You get an iPod! And you get an iPod! Read more »
If you’re going to commit financial fraud, you probably don’t want to find yourself sitting at a table across from David Einhorn, who will know what you’re up to and share it with the world. Similarly, if you’ve never played poker and have only ever had a 15 minute tutorial on the game, you probably should avoid playing with the Greenlight Capital founder, whose vastly superior skills will demonstrate just how much you suck. As I like to live on the edge, yesterday in an undisclosed location, I choose not to heed the wisdom of the latter. Over several hands, Einhorn and I discussed the new edition of his 2008 book, “Fooling Some Of The People, All Of The Time.”
The latest version includes an epilogue, and concludes the story of Allied and Einhorn’s years of trying to get other people to listen when he said something was up. As we now know, Allied’s shares collapsed, Greenlight collected $35 million, and the hedge fund made another big (and correct) call on a bank called Lehman Brothers, whose failure was, according to Einhorn, “the Allied story all over again,” just on a bigger scale, with more resounding consequences. Even after the last crisis, which should have been a wake-up call, Einhorn doesn’t think we’ve changed much and if anything, the reforms passed only “encourage poor behavior and will likely foster an even bigger crisis.” He and I chatted about that exciting event, Quantitative Easing, Steve Eisman’s illicit pleasure of choice and more, plus poker tips for people who really, really need them.**
BL: You mentioned an unexpected and tremendous response from readers of the book the first time around. What’s the craziest piece of fan mail you’ve gotten- has anyone sent you their undergarments in the mail?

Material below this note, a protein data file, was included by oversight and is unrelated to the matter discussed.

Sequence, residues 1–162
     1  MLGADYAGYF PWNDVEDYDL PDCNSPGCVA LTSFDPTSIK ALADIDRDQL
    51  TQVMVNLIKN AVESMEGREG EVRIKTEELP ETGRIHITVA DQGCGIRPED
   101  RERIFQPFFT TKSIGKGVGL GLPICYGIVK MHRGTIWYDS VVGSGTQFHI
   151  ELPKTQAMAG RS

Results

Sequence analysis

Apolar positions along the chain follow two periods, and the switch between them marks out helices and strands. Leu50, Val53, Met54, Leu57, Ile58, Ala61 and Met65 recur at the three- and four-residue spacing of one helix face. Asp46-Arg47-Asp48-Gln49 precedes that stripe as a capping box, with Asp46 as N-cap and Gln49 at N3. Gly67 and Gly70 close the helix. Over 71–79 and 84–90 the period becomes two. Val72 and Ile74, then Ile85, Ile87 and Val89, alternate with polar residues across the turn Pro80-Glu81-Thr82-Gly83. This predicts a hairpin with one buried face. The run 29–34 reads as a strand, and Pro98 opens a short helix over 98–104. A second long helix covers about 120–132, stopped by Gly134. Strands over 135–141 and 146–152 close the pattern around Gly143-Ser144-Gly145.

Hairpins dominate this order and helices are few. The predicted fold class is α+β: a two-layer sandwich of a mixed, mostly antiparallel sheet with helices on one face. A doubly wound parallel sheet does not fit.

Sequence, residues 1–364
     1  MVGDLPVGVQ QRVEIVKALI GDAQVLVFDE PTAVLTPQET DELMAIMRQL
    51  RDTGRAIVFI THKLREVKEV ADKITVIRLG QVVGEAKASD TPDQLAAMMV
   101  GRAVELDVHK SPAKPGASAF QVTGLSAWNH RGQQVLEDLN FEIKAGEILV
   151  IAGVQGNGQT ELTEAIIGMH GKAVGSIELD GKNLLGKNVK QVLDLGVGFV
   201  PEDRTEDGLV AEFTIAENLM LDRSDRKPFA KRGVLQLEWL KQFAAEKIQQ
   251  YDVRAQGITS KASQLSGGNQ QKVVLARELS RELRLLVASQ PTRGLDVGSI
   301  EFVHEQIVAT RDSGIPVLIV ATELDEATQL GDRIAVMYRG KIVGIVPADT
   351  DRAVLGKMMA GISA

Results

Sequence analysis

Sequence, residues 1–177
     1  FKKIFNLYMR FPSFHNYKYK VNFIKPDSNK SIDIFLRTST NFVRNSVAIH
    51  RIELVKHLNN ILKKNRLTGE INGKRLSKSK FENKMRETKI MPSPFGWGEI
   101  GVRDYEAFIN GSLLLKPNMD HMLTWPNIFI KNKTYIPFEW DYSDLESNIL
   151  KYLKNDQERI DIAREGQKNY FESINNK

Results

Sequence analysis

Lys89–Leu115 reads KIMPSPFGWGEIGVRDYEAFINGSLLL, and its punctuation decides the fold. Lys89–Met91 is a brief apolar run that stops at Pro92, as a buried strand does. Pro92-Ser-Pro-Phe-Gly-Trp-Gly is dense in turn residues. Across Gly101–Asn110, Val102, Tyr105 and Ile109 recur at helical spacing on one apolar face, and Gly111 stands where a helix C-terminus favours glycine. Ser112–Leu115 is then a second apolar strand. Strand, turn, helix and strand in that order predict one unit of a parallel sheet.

DE: [laughs] No, do you think they should?
DE: You’re hysterical.
BL: I mean, people do that. Musicians, rock stars get sent that sort of stuff. You’re like a rock star…of investing.
DE: Well, the thing is, my following [for the most part] is with 20 to 35 year old men. So, you know. I definitely don’t want their undergarments. Read more »
November performance. Read more »
October performance is here. Read more »
Money Manager Bruce Berkowitz Was Just Kidding When He Said He Wants People To Tell Him When/Why He’s WrongBy Bess Levin
As you may have heard, at the Value Investing Congress on Wednesday, David Einhorn revealed (in a 139-slide PowerPoint presentation) that he and Greenlight Capital are shorting real-estate developer St. Joe Co. This was at odds with investor Bruce Berkowitz who, through Fairholme Capital Management, owns a 29 percent stake in the company (having purchased an additional 0.1% following Einhorn’s presentation). When asked by audience members about taking the other side of the trade, Einhorn, because he has manners, said that he had sent Berk a letter stating his intent to short St. Joe, and asked if the two could debate the issue, which Bruce never responded to and as recently as today, Berkowitz told Reuters, “Why would I want to talk to him?”
Which is interesting! Given that less than two months ago, Berkowitz said this: Read more »
St. Joe Co Stakeholder Bruce Berkowitz Thrilled That David Einhorn Is Shorting St. Joe, Wants To Do Something Really Nice For Him In ReturnBy Bess Levin
“If we were able, we would buy the whole company,” Berkowitz told Reuters’ Aaron Pressman. Einhorn “has put a big spotlight on this company. My advice is everyone should enjoy it and take advantage of it…I want to send him a box of chocolates,” Berkowitz told Reuters’ Aaron Pressman. “This is the kind of advertising you just can’t buy. The company should hold a David Einhorn Memorial Investment Week.”